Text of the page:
Hate the sin, love the sinner

Who would Jesus picket?

Christianity is facing a grave threat, one that could split the entire church. A combination of a sinfully relaxed attitude from much of the church and the liberalism of secular culture means that this pernicious cancer is spreading, and in danger of destroying everything the church should stand for. In a world where you can now see shameless and outrageous displays of sinful behaviour on TV and in the street, it is vitally important that the church takes a stand and clearly sets out its position on the evils of bigotry.

Do not be deceived – the Bible is clear in its condemnation of bigotry. Some liberals and those who wish to excuse their sin have attempted to confuse the issue by pointing to similar passages which are ignored, and even inventing implausible contextual background to explain why the Bible doesn’t really mean what it says. Nevertheless, despite these efforts, it is clear to anyone who approaches it honestly that the entirety of scripture clearly identifies bigotry as a sin.

It is, of course, inconceivable that practicing bigots could be given any position of leadership in the church – their “lifestyle” alone clearly rules them out. And anyone who has previously been a bigot must expect to undergo a thorough process of repentance and reconciliation before even being considered for further responsibilities. Bigotry is an insidious habit, and the church would not be doing its duty if it didn’t make absolutely sure that reformed bigots have fully changed and pose no further danger.

There should be no suggestion of hatred towards bigots. Even unrepentant bigots are made in God’s image and part of His creation. Christians have a duty to honour that, and to offer them the same love as anyone else. However, it would not be loving to allow them to promote untrue or unBiblical values. Bigots should be kept at a distance by the church, to ensure that there is no doubt as to the church’s position on their sin, and in the hope of eventually leading them to full repentance.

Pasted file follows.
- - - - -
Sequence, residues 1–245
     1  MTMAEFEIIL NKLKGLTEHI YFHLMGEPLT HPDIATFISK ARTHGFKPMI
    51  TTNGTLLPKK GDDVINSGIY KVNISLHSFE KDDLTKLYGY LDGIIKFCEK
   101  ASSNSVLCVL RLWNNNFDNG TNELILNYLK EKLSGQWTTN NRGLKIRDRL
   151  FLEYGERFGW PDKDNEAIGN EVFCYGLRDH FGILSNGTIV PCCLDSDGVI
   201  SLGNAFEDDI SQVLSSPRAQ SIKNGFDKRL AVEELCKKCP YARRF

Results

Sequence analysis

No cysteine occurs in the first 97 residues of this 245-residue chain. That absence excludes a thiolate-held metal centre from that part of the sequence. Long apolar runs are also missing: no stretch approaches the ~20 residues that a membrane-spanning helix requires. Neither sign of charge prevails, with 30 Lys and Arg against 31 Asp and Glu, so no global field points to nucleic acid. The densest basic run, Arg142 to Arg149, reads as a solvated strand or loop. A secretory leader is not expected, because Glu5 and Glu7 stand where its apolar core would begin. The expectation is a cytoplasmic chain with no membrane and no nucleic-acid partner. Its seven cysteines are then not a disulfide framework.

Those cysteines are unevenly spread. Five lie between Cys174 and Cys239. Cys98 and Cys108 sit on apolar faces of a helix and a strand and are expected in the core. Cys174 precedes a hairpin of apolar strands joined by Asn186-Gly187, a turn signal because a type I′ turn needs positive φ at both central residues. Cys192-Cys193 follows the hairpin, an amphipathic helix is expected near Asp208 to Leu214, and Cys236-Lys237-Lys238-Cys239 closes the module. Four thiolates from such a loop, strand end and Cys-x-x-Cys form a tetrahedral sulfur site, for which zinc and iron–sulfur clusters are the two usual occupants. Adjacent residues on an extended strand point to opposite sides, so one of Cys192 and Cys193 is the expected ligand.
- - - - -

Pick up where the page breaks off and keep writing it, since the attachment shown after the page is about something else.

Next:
It is also vital that the church campaigns to ensure that the state does nothing to mock its Christian heritage by endorsing such a heinous sin. It is therefore regrettably necessary for Christians to speak out against any move towards giving bigots the same rights and legal standing as others. Bigotry is unnatural, and a perversion of God’s created order, so it would be unthinkable for Christians to support such an idea.

Let me be clear about this – God still loves bigots, and so does the church, but they are in error. The scale of their sin cannot be disregarded, and for the sake of both them and others who might be led astray it is essential that this error is made abundantly clear, and that the state recognises the truth. Sadly, this involves denying them some basic legal rights, for the good of both them and society at large.

It’s the loving thing to do.

Photo by makelessnoise, used under Attribution License

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About Recovering Agnostic

I'm Christian by upbringing, agnostic by belief, cynical by temperament, broadly scientific in approach, and looking for answers. My main interest at the moment is in turning my current disengaged shrug into at least a working hypothesis.

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